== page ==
Personal Injury

Should I Get a Second Opinion About My Personal Injury Case?

By David Berg, Attorney
The first lawyer you talked with said your personal injury claim doesn't really have a chance. Another lawyer might see things a little differently. Here's what to consider.

You've had your free consultation with a personal injury lawyer, you've discussed the basics of your accident and your resulting injuries, and the lawyer has told you that your case isn't worth pursuing. Should you sit down with another lawyer and see if he or she believes in your case? The short answer is, “It depends.”

A Matter of Trust?

With a personal injury claim, just like any type of legal case, the lawyer client relationship is all about trust. You need to be able to trust your lawyer completely. After all, you’ve hired him/her to handle all aspects of your case, to make sure you get the best result, and you've likely shared some personal information in the process.

So, one school of thought is that if you trust your lawyer, you should also trust whatever he/she decides in terms of the merits of your case, and not get a second opinion. But trust is only one component of the attorney client relationship. Just as important is the lawyer’s ability.

A Little Ability Goes a Long Way

Your lawyer has to be competent, and, the bigger your case, the better the lawyer has to be. It’s doesn’t help you much to have a lawyer you trust completely if he or she isn’t any good.

Why do we say, the bigger your case, the better the lawyer has to be? Because in a small case, a bad lawyer can’t hurt you too much, whereas, in a big case, a bad lawyer can cost you millions. If, for example, a bad lawyer only gets you $7,500 in a case that should have been worth $10,000, you’ll hardly notice the difference. But, if a lawyer only gets you $500,000 on a $2,000,000 case, that’s a gigantic difference.

So, whether you should get a second opinion depends on the value of the case and on your perceptions of your lawyer’s abilities. Even in a big case, if you are completely confident in your lawyer’s competence, then probably nothing will be gained by getting a second opinion. If, for example, your lawyer is known throughout your state for having gotten numerous million dollar verdicts and settlements, then there is probably no reason to get a second opinion because you’re already working with the best. But if you are very seriously injured, and it seems that your lawyer has never handled a big case before, you might want to try to get a second opinion.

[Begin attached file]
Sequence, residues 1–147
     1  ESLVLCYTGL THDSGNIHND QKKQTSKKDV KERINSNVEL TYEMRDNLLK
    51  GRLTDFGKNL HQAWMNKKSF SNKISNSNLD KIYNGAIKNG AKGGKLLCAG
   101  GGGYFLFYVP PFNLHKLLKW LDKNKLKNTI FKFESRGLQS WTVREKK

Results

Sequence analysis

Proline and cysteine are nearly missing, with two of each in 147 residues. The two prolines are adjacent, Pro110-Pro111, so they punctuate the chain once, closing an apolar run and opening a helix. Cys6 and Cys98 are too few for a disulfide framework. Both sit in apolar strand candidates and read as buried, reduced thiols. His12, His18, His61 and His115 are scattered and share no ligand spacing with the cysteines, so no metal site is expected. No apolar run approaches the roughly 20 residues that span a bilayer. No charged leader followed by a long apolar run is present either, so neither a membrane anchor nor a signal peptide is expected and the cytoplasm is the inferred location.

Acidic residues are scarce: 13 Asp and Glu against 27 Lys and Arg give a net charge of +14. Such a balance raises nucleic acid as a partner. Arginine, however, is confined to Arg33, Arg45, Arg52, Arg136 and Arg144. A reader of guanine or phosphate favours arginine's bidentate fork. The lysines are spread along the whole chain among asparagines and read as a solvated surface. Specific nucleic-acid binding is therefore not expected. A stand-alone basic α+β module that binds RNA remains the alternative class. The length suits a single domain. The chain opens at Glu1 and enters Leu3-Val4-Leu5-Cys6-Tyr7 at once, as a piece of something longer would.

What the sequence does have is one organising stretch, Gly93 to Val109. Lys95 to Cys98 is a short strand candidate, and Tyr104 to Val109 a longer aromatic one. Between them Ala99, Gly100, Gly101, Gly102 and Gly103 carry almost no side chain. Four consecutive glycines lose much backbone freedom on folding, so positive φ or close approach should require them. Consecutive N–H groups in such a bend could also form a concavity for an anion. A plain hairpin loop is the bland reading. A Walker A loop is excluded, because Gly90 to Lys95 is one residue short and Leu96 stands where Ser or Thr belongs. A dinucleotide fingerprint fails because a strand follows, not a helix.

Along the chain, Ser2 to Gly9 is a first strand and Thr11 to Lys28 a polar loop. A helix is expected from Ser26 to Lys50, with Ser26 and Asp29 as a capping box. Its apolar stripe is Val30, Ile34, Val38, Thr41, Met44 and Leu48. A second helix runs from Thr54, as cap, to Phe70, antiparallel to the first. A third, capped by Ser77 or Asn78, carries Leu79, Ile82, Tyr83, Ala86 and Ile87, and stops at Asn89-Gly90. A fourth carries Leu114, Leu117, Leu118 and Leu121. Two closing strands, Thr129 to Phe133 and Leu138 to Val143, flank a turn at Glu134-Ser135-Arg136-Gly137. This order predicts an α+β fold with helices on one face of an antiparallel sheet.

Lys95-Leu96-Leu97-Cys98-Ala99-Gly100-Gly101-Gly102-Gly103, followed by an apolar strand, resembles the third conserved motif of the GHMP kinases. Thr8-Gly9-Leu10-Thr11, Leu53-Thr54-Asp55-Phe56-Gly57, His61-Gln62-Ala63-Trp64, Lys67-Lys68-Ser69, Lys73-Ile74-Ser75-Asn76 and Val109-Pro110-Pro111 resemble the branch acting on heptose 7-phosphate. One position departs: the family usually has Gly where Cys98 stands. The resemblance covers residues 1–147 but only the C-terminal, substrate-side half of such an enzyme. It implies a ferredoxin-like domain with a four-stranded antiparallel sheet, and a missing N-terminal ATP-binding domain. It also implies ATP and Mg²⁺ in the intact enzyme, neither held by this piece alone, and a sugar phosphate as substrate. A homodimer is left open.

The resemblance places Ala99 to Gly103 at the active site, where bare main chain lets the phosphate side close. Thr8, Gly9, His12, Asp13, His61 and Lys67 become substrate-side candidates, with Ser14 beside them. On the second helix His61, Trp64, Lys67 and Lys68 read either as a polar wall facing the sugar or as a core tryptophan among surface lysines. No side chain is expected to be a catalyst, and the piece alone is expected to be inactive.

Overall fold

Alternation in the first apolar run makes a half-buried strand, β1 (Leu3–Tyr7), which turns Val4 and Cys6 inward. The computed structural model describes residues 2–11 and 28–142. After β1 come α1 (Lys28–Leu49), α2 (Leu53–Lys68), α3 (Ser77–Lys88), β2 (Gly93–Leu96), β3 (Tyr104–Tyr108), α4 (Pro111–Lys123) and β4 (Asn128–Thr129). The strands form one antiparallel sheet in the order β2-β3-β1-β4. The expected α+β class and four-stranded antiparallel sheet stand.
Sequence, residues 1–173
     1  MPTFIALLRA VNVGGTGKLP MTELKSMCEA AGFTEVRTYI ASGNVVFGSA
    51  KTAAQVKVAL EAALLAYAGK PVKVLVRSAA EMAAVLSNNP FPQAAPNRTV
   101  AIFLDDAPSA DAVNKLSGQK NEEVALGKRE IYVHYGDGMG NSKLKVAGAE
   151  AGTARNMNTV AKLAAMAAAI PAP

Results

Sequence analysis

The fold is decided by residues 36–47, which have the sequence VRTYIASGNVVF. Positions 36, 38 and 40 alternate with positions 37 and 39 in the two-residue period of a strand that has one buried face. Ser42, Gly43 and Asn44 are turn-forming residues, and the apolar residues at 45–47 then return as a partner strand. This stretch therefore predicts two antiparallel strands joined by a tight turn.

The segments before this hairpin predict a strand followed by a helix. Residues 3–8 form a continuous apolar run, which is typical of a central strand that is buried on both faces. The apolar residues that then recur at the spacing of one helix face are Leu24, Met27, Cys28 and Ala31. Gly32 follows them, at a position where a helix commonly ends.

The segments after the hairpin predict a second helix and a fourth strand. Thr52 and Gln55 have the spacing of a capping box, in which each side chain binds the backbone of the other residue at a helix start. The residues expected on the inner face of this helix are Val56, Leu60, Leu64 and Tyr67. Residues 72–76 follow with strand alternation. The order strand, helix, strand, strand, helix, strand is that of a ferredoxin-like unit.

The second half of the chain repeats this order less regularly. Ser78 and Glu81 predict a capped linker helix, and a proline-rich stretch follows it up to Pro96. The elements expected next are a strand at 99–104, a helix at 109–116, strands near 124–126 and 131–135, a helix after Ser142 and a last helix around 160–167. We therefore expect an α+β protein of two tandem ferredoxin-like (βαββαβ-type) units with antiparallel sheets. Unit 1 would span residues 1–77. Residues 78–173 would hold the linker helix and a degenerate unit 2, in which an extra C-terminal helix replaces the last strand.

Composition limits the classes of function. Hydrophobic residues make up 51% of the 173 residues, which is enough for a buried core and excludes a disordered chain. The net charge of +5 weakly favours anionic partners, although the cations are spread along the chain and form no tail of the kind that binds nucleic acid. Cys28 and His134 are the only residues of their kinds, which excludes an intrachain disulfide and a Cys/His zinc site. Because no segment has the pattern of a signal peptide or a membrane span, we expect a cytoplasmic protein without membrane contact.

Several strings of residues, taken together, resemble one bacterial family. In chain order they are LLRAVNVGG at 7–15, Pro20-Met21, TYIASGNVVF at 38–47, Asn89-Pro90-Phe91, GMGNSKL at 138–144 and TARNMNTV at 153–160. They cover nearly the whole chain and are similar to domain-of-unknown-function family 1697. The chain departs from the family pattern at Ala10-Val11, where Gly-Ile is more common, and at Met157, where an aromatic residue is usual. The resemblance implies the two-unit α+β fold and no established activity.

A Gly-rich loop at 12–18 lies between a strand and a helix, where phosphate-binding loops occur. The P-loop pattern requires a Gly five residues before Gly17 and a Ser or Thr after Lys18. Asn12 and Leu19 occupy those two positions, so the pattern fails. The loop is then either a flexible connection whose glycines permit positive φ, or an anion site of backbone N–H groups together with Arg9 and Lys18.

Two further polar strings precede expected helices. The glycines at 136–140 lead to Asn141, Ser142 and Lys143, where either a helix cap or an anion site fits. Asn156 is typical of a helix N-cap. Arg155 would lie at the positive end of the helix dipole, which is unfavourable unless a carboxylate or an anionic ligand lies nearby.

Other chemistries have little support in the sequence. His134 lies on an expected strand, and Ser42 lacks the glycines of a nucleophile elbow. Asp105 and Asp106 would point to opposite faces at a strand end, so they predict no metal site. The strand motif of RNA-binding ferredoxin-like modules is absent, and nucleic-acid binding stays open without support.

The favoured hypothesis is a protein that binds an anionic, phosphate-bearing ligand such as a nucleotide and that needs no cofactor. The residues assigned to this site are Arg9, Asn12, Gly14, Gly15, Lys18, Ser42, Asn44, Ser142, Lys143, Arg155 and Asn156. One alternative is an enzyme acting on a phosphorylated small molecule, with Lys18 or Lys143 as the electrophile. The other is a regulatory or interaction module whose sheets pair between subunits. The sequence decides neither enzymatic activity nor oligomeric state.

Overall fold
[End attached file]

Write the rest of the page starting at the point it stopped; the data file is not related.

How Do You Get a Second Opinion?

So, you've decided that you do want a second opinion. Basically, you have to do the same kind of search that led to your first lawyer. Learn more about Selecting a Good Personal Injury Lawyer.

But there are a number of problems with getting second opinions. First, if you feel that you need a second opinion from another lawyer because you either can’t trust your lawyer or you think that he/she may not be good enough, what basis do you have for valuing the opinion of this second lawyer?

Second, the value of personal injury cases is based on their facts. You can’t always expect another personal injury lawyer to give you an accurate opinion as to what you should do with your case after just a one-hour meeting. The second lawyer would probably say that he/she can’t really tell you what to do with your case unless he/she took over the case and spent some time poring over your file. A good lawyer doesn't want to be in the business of giving advice to someone who isn't their client.

This brings us to the third problem with getting second opinions: the lawyer probably doesn’t want to just give you a second opinion if your case is any good. He or she will want to take over the case and represent you.

So, ultimately, you may find it challenging to get a trustworthy second opinion on the viability or strength of your personal injury case. You can always choose to fire your lawyer and hand your case off to another lawyer. Or it may make sense to try to air out any concerns or differences of opinion you have with your current lawyer, and see if the relationship is salvageable. Get more tips on Working With Your Personal Injury Lawyer.

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